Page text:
Ok, so I have some comments in regards to the Phelsuma as I've kept a various species over the years. First off, you're not looking at putting Darts with them correct? Just the gecko(s)? If it's just a Gecko, you're fine, if you're looking to do a mixed species enclosure you're going to have to rethink this as the two have different requirements. As for Phelsuma housing, I would HIGHLY recommend a front opening Viv. If you're not experienced with any of the subspecies, you need to know one thing. These guys are FAST! Having a front opening, preferably double door enclosure would be best so you can open one door at a time when you need to go in. As they get older and more accustomed to you digging around their enclosure, and/or just offering prey, they will be less likely to shoot out of the enclosure when the door opens. Having a big 12x30" open top lid just means you're going to have to play a big juggling game when trying to get in there and not spending a handful of time trying to catch an escapee. Being that you'll have to use a screen top on the aquarium, you're more than likely going to have to remove the lid to get in the enclosure, so keep that in mind. On top of that, Aquariums are not suitable for Phelsuma. They require substantial ventilation or you're going to run into issues with infection and sores. Both of these are problematic with a display species like the majority of Phelsuma as handling them to apply medical ointment is going to be tough. Specifically with P. Laticauda, you're going to have to worry about skin sloughing if they are handled incorrectly. Going with an Aquarium with a screen top will not provide ideal airflow unless you're going to drill the glass and add vents to the front or sides, which in turn is going to take away from the display.

With the availability of Vivarium enclosures on the market you're going to want to find something suitable for the species and then plant around it. For a pair the minimum I would go with is 18x18x24", but ideally with something planted, you'd want to look into something that is more like 24x18x24" so you have space to actually design the enclosure and plant. The additional space will not allow you to be able to plant the Viv and still have space, you're going to be able to put larger plants in that will be able to support the weight of the Gecko since they are going to want to bask. You can also use 1-2" diameter pieces of bamboo and mount them horizontally and at an angle to also provide these climbing and basking spots, but I'm not sure if that's the look you're going for.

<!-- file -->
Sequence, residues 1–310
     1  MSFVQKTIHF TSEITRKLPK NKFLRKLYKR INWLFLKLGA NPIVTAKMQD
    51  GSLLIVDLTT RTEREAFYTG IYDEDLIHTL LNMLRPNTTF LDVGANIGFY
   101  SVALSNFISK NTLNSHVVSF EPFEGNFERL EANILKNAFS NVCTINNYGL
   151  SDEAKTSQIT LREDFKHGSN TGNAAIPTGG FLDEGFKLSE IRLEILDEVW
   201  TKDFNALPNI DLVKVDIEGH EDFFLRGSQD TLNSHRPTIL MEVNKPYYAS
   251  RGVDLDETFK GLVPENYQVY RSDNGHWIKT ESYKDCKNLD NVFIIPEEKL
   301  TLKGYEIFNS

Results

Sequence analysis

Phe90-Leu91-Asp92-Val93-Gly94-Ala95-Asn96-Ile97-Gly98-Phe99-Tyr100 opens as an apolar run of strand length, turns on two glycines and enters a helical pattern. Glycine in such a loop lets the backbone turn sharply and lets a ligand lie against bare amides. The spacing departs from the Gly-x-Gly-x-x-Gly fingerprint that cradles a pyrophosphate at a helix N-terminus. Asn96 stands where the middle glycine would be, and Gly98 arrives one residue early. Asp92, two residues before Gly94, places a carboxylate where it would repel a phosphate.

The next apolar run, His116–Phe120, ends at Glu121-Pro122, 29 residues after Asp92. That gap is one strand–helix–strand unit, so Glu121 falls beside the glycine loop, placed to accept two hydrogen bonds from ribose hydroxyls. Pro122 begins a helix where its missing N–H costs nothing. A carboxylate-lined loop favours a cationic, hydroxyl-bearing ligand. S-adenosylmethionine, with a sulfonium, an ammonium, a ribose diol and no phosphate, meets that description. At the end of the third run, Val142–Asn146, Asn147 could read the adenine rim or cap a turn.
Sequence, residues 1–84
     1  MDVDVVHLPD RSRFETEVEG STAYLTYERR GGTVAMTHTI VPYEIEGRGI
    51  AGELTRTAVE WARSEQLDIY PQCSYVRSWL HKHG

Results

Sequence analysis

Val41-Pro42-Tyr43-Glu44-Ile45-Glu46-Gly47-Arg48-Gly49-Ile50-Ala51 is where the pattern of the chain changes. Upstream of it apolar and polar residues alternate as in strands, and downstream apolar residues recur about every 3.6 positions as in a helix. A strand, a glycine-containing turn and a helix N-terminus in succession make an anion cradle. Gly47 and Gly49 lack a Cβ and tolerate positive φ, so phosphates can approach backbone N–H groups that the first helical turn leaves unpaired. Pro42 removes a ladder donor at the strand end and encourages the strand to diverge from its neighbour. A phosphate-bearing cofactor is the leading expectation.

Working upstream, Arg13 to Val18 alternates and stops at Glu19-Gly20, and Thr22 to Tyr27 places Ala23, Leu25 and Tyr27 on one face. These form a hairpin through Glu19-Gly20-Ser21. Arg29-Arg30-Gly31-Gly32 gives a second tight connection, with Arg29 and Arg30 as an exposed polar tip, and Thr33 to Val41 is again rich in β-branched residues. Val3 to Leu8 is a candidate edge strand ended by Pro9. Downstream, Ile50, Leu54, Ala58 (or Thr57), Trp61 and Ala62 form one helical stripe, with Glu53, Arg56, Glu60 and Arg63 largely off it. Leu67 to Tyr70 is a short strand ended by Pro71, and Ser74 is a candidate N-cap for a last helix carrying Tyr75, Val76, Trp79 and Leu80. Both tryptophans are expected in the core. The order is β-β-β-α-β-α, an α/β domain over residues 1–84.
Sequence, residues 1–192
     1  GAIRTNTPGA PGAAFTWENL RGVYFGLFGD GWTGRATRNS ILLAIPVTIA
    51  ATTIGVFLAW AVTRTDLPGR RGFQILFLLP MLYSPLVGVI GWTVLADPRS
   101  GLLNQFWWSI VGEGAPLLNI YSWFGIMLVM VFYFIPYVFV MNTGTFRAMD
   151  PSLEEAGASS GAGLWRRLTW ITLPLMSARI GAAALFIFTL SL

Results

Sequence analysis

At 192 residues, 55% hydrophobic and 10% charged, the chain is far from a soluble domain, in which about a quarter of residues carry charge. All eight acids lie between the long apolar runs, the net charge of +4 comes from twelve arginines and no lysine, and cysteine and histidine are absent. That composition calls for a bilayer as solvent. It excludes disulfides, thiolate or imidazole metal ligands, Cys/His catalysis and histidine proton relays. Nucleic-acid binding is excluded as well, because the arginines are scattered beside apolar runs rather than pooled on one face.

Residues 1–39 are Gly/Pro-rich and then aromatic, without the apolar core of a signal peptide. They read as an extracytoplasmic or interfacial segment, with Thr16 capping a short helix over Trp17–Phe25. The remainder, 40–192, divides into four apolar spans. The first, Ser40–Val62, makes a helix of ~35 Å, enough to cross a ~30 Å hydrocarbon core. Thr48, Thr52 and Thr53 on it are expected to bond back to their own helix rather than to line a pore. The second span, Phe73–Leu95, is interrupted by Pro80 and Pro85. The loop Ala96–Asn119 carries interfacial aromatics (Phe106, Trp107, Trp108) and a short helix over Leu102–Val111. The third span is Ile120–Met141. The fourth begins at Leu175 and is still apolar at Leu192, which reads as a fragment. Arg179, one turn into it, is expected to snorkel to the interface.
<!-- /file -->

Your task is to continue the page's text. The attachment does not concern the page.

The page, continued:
I can understand wanting to use an Aquarium to save some money, but in the long run I believe you're going to run into more issues that are going to cost you. Starting with a suitable enclosure platform is going to save you a lot in the long run and provide a habitat for a healthier animal.
 

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Discussion Starter #9
I think because I edited the original post, it decided to hide the post until approval for some reason.

Yes, I am planning to keep just the Phelsuma in the tank and no mixing animals! Thank you both so much for your advice! Maybe I’ll buy the 29 gallon to use later for a different animal. My pet store only seems to have the nano ExoTerras in stock so I’ll probably buy the 24x18x24 ExoTerra from online or see if I could find a used one somewhere!

I’ll be sure to update this thread when I’m able to find the ExoTerra! There’s a reptile con coming by in a few weeks so maybe I’ll wait for that to see if they’ll have cheaper front-opening enclosures!
 

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Discussion Starter #11
I'm central Florida (between Tampa and Orlando)! I would definitely be down with getting a used one. Most on FB marketplace and Craigslist right now are the smaller variety (the 12x12x18). The ones that are the right size are being priced the same as a new tank for some reason. I might just need to play the waiting game
 

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I'm central Florida (between Tampa and Orlando)! I would definitely be down with getting a used one. Most on FB marketplace and Craigslist right now are the smaller variety (the 12x12x18). The ones that are the right size are being priced the same as a new tank for some reason. I might just need to play the waiting game
Keep waiting and watching.
 

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Most on FB marketplace and Craigslist right now are the smaller variety (the 12x12x18). The ones that are the right size are being priced the same as a new tank for some reason.